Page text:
Identification of the oncogenic kinase TOPK/PBK as a master mitotic regulator of C2H2 zinc finger proteins
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Raed Rizkallah1, Paratchata Batsomboon2, Gregory B. Dudley2, Myra M. Hurt1
1Department of Biomedical Sciences, Florida State University, Tallahassee, Florida, 32306, United States of America
2Department of Chemistry and Biochemistry, Florida State University, Tallahassee, Florida, 32306, United States of America
Raed Rizkallah, e-mail: firstname.lastname@example.org
Keywords: Kinase, Mitosis, Phosphorylation, Zinc Finger Proteins, TOPK/PBK
Abbreviation: ZFP: Zinc Finger Protein
Received: August 26, 2014 Accepted: November 08, 2014 Published: January 13, 2015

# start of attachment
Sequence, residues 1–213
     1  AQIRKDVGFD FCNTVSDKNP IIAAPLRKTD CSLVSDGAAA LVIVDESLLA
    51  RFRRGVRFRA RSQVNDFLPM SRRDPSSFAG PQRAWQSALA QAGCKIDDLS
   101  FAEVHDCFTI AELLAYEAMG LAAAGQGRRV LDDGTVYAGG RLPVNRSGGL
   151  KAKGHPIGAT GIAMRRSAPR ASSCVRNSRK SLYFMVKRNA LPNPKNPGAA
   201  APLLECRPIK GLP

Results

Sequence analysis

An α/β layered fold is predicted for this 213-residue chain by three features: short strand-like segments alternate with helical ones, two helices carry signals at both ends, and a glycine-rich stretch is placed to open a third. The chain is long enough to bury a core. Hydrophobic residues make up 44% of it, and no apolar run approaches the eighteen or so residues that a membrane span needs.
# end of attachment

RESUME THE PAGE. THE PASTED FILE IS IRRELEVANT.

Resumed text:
TOPK/PBK is an oncogenic kinase upregulated in most human cancers and its high expression correlates with poor prognosis. TOPK is known to be activated by Cdk1 and needed for mitotic cell division; however, its mitotic functions are not yet fully understood. In this study, we show that TOPK plays a global mitotic role by simultaneously regulating hundreds of DNA binding proteins. C2H2 zinc finger proteins (ZFPs) constitute the largest family of human proteins. All C2H2 ZFPs contain a highly conserved linker sequence joining their multi-zinc finger domains. We have previously shown that phosphorylation of this conserved motif serves as a global mechanism for the coordinate dissociation of C2H2 ZFPs from condensing chromatin, during mitosis. Here, using a panel of kinase inhibitors, we identified K252a as a potent inhibitor of mitotic ZFP linker phosphorylation. We generated a biotinylated form of K252a and used it to purify candidate kinases. From these candidates we identified TOPK/PBK, in vitro and in vivo, as the master ZFP linker kinase. Furthermore, we show precise temporal correlation between TOPK activating phosphorylation by Cdk1 and linker phosphorylation in mitosis. The identification of this fundamental role of TOPK underscores its significance as a promising novel target of cancer therapeutics.
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